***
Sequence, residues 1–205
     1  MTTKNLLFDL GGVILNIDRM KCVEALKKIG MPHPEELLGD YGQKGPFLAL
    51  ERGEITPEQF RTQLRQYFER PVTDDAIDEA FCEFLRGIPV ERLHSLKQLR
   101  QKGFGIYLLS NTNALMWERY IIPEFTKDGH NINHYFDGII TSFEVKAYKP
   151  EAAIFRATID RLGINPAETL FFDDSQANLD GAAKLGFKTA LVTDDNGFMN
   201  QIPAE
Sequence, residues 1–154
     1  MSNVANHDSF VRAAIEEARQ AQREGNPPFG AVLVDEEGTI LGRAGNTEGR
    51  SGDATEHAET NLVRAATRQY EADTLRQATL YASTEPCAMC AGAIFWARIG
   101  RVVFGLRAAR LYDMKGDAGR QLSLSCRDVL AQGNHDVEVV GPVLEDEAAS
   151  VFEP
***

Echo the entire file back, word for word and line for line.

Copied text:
Sequence, residues 1–205
     1  MTTKNLLFDL GGVILNIDRM KCVEALKKIG MPHPEELLGD YGQKGPFLAL
    51  ERGEITPEQF RTQLRQYFER PVTDDAIDEA FCEFLRGIPV ERLHSLKQLR
   101  QKGFGIYLLS NTNALMWERY IIPEFTKDGH NINHYFDGII TSFEVKAYKP
   151  EAAIFRATID RLGINPAETL FFDDSQANLD GAAKLGFKTA LVTDDNGFMN
   201  QIPAE
Sequence, residues 1–154
     1  MSNVANHDSF VRAAIEEARQ AQREGNPPFG AVLVDEEGTI LGRAGNTEGR
    51  SGDATEHAET NLVRAATRQY EADTLRQATL YASTEPCAMC AGAIFWARIG
   101  RVVFGLRAAR LYDMKGDAGR QLSLSCRDVL AQGNHDVEVV GPVLEDEAAS
   151  VFEP